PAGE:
Japanese escort ship Okinawa

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IJN escort vessel UKU in 1944.jpg
An Ukuru class kaibōkan, the Uku, seen here in 1944. Okinawa looked very similar.
History
A flag bearing a stylised red sunburst symbol on a white background.Japan
Builder: Nihon Kokan, Tsurumi (Japan)
Laid down: 10 December 1943
Launched: 19 June 1944
Struck: 15 September 1945
Fate: Sunk by aircraft on 30 July 1945
Notes: Refloated after the war and scrapped in September 1948[1]
General characteristics
Displacement: 940 tons
Length: 78,8 meters
Beam: 9 meters
Draught: 3 meters
Propulsion: diesels, 4200 bhp
Speed: 19,5 knots
Complement: 150
Armament:

Okinawa was an escort ship ("Kaibōkan") of the Imperial Japanese Navy during the Second World War. She belonged to the Ukuru class.[2] The ship is most notable for its possible participation in the sinkings of two submarines.

Design and building[edit]

The Ukuru class escorts were very similar to the preceding Mikuru class. The main difference was a simplified hull form which enabled a shorter building time.[3] Okinawa was built by the Nihon Kokan shipyard at Tsurumi.[1][2] The building started on 10 December 1943 and some 8 months later the ship was completed. She was named after the island of Okinawa.

In service[edit]

During her career Okinawa spent most of the time escorting various ships in convoys. In November 1944 she participated in the Japanese Operation TA, the reinforcement of Leyte, by escorting troop transports. In December of the same year, Okinawa escorted the carrier Kaiyo.[4]

USS Snook (SS-279) in 1943

On 14 April 1945, Okinawa together with the escorts CD-8 and CD-32 attacked a submerged submarine with depth charges.[1] Some sources mention the possibility that the submarine USS Snook was sunk in that attack,[1] although the official cause for the loss of Snook remains unknown.[5]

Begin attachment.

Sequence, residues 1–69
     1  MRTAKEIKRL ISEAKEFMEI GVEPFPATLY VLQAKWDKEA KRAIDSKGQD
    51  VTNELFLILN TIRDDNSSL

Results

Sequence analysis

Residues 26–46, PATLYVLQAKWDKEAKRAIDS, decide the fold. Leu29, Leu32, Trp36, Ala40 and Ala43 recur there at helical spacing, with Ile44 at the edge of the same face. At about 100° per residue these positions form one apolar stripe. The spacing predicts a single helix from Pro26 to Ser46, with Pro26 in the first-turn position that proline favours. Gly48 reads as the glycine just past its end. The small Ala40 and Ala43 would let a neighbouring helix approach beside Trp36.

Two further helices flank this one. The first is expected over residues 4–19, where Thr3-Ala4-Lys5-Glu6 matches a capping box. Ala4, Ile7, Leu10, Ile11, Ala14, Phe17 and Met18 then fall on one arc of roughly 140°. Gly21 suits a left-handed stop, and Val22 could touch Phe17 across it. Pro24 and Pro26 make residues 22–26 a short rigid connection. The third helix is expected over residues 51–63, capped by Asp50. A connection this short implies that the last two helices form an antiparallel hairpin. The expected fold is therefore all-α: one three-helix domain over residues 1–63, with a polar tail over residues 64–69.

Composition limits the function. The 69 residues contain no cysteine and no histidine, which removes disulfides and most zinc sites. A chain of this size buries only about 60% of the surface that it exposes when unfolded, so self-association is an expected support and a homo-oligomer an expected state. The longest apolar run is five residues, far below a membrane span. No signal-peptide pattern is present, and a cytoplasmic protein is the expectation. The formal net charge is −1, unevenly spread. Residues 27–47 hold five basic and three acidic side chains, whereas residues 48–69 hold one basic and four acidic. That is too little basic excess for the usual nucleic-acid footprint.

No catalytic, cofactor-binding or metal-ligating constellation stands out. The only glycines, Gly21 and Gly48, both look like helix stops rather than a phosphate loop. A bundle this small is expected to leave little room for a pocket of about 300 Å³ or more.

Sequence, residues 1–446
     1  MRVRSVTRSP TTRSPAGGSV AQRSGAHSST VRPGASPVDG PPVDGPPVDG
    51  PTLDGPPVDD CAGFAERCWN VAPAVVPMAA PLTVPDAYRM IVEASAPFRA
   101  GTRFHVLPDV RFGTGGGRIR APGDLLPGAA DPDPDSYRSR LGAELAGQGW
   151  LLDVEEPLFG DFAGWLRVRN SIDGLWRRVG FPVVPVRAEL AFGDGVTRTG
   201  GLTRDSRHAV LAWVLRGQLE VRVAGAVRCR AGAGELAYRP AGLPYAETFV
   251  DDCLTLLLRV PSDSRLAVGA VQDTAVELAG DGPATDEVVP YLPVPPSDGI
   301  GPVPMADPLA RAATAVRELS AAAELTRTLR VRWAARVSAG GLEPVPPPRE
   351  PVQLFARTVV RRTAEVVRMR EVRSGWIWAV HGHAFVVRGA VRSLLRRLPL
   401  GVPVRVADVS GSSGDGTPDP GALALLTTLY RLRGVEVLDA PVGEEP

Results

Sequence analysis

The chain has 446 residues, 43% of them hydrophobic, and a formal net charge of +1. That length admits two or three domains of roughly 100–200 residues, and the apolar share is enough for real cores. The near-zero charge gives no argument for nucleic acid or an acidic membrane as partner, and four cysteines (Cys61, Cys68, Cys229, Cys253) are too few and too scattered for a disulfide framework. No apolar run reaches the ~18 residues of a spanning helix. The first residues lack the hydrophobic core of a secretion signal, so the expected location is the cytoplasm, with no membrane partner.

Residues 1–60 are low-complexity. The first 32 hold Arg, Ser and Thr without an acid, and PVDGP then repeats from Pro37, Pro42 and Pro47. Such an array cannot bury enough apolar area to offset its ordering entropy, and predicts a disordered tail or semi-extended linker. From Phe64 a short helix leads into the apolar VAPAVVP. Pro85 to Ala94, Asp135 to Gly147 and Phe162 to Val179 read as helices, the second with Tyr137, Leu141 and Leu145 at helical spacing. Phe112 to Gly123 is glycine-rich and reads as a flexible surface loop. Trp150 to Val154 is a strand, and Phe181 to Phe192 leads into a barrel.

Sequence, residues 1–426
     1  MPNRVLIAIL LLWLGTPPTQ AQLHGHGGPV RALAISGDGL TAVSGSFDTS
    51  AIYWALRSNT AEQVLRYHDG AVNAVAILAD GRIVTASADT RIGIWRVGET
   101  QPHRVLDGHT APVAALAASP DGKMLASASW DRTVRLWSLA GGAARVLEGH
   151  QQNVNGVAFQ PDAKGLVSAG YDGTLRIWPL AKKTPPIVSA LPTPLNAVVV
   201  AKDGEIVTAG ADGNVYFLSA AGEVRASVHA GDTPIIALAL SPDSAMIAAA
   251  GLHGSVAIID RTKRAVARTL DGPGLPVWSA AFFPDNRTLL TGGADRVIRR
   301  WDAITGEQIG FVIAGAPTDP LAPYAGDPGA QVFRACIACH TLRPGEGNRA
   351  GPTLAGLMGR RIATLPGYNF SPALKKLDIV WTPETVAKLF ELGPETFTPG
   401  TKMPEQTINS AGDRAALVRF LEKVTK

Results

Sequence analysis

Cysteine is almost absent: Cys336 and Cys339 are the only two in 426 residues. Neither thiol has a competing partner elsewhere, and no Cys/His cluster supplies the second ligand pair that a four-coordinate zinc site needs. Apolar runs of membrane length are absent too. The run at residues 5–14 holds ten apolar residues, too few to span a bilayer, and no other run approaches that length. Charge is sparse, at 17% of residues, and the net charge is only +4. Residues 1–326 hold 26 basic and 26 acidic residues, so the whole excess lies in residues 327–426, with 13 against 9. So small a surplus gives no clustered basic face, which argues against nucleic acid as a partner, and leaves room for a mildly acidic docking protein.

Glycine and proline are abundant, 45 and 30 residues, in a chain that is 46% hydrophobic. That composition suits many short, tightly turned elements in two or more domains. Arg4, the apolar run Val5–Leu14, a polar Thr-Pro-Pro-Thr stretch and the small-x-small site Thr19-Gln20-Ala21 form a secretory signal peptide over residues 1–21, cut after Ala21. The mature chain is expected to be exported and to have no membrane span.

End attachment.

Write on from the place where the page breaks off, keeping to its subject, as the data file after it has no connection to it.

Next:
On 27 May 1945, Okinawa and the escort ship Aguni were attacked by American aircraft in the Korea Strait. Okinawa was not damaged but Aguni suffered heavy damage from a radar-guided glide bomb.[6] After that Okinawa returned to escort duties.

On 19 June 1945 the cargo ship Konzan Maru was torpedoed and sunk by the submarine USS Bonefish.[7][8] Okinawa, the escorts CD-63 and CD-207 counter-attacked the submarine with numerous depth charges until wood chips and oil were observed. The submarine was sunk with all hands.[1][9][10]

On 30 July 1945 Okinawa was sunk by aircraft from the carrier USS Independence near Maizuru.[1][2]

References[edit]

  1. ^ a b c d e f "Okinawa's Tabular Record of Movement". Nihon Kaigun. 
  2. ^ a b c "Ukuru class". Nishida IJN. 
  3. ^ Conway's All the World's Fighting Ships, 1922-1946
  4. ^ "Operation TA". Nihon Kaigun Long Lancers. 
  5. ^ "Snook (SS 279)". DANFS. Naval History and Heritage Command. 
  6. ^ "Aguni's Tabular Record of Movement". Nihon Kaigun. 
  7. ^ "USS Bonefish". The Cold War Museum - California. The California Cold War Museum & Memorial, Inc. 
  8. ^ "Japanese Naval and Merchant Vessels Sunk During World War II by United States Submarines". Hyperwar. 
  9. ^ "Bonefish (SS-223)". U-uboat.net. 
  10. ^ "Bonefish (SS 223)". DANFS. Naval History and Heritage Command.